Former Talk Show Host 'Bit By The Relief Bug'

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cTwo years ago, Payson's Randy Roberson was a news director and weekday morning talk-show host for local radio station, KMOG, when he met on-air guest-wannabe Dr. Larry Ward.


Ward altered Roberson's life in what the former talk-show host calls an incredibly positive way.

But at first handshake, Roberson was unimpressed.


"I hardly gave Larry the time of day, because I'd been inundated with people dying to get on the air with less than genuine motives," Roberson recalled. "When this guy came in, I was thinking, 'He's done what? How? Get outta here.' His story was just too big.


"But then I found out that Larry had not only done what he said he'd done, he was named the White House Ambassador to the Hungry World by Ronald Reagan, along with a number of international accolades."


Now that Roberson has traveled the world with Ward, he's quick to add that, "Not only does Larry know all the people he talks about, but they come out to greet us at airports with tears in their eyes."


The way Roberson tells it, soon after their initial meeting, Dr. Ward invited him to India. "I said, 'Sounds interesting. Let's go,' Roberson said.


The first thing Roberson learned on that trek was "what a spoiled brat I'd been all my life, and how far out of touch with reality I was." Human need, he found, was everywhere -- and not far behind was Dr. Ward.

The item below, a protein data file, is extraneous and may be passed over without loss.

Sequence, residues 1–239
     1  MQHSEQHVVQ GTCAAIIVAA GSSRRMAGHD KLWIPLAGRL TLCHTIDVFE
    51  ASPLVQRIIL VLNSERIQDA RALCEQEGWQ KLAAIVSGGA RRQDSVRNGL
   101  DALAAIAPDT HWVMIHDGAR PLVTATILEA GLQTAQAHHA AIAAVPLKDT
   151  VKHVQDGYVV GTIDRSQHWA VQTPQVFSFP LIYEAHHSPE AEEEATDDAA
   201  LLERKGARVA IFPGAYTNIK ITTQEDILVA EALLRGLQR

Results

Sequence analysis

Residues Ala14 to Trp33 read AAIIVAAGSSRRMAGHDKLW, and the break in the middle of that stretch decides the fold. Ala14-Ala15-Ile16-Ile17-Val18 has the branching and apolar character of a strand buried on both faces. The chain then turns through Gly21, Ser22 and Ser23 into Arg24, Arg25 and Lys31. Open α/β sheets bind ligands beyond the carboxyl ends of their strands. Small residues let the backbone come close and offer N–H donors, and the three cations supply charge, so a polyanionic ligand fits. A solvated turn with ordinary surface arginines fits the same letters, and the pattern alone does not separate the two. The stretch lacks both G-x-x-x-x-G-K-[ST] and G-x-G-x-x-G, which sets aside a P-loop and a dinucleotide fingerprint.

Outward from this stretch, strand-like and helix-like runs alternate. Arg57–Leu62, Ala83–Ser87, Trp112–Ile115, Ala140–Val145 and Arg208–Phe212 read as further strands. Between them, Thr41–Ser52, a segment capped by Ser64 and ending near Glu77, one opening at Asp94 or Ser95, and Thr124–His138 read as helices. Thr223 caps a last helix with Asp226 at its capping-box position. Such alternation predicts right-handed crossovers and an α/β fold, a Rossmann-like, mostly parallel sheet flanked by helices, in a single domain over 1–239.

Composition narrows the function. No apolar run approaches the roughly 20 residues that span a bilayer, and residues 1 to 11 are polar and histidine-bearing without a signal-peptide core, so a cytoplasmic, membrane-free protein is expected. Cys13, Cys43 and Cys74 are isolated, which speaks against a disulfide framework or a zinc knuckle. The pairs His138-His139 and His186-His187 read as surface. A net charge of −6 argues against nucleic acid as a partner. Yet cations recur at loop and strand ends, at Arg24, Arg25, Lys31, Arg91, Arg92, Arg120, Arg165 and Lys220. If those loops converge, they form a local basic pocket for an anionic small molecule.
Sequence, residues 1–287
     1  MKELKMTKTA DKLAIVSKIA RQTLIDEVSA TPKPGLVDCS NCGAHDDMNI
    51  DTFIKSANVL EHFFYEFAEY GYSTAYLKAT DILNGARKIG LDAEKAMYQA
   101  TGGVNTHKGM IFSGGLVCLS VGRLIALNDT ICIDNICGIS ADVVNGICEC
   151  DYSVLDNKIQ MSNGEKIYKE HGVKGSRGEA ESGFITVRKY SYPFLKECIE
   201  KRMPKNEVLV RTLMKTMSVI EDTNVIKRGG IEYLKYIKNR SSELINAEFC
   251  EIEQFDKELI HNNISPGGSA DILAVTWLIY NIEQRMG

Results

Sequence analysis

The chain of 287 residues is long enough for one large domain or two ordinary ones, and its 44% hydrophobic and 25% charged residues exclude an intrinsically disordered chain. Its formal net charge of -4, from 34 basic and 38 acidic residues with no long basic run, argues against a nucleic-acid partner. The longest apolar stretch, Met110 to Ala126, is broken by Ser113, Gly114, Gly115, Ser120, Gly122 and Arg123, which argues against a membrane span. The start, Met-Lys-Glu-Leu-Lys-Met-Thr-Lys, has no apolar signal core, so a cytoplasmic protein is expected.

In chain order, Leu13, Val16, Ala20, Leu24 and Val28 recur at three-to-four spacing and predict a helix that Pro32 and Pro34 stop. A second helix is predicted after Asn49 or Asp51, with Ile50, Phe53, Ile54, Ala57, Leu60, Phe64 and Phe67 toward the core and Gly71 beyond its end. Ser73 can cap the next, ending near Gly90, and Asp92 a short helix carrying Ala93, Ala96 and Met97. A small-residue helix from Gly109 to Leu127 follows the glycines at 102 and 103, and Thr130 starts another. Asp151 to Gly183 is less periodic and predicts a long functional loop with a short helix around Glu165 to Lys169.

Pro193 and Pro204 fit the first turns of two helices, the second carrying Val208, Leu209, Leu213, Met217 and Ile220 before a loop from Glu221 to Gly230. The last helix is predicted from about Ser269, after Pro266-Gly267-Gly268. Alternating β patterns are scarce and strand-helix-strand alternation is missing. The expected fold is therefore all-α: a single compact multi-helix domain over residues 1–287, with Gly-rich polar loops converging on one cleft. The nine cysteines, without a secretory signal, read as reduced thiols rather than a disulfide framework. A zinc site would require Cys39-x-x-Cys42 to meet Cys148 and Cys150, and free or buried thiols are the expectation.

"I was stunned by the type of assistance he was providing, and the level of integrity he was approaching it from. That's when I got bit by the relief bug."


And that's about when Roberson dropped his interests in radio and the real estate business to become the president and CEO of Ward's organization, World/Aid.


In addition to India, Roberson has traveled to Bangladesh, Korea and Turkey, to Colombia to help with earthquake relief, and to Kosovo as the peace accord was being signed.


"Hunger in Bangladesh certainly has its own brand of ugliness, and earthquakes and floods have their unique horrors. But the heartbreak of human hatred is a real different critter," Roberson said, recalling a Kosovo family of 15 who'd been pinned down by snipers in their own home.


"They couldn't go near the windows, couldn't go outside for fear of being shot. They had no electricity, no water, and finally they ran out of food. Collectively, as a family, they decided to go outside and just allow themselves to be killed. In doing so, all but four were killed."


Those four, Roberson said, survived by wiping the blood of their relatives on themselves and pretending to be dead as they were loaded onto the back of a truck for transport to a mass burial site.


"On the way, they jumped off the back of the truck -- sustaining more injuries, but managing to survive and walk to Albania, where I ran into them," he said.


"It's one thing to hear the stories and stats on TV, but it's quite another thing when you're there and looking into the faces of people who lived through it."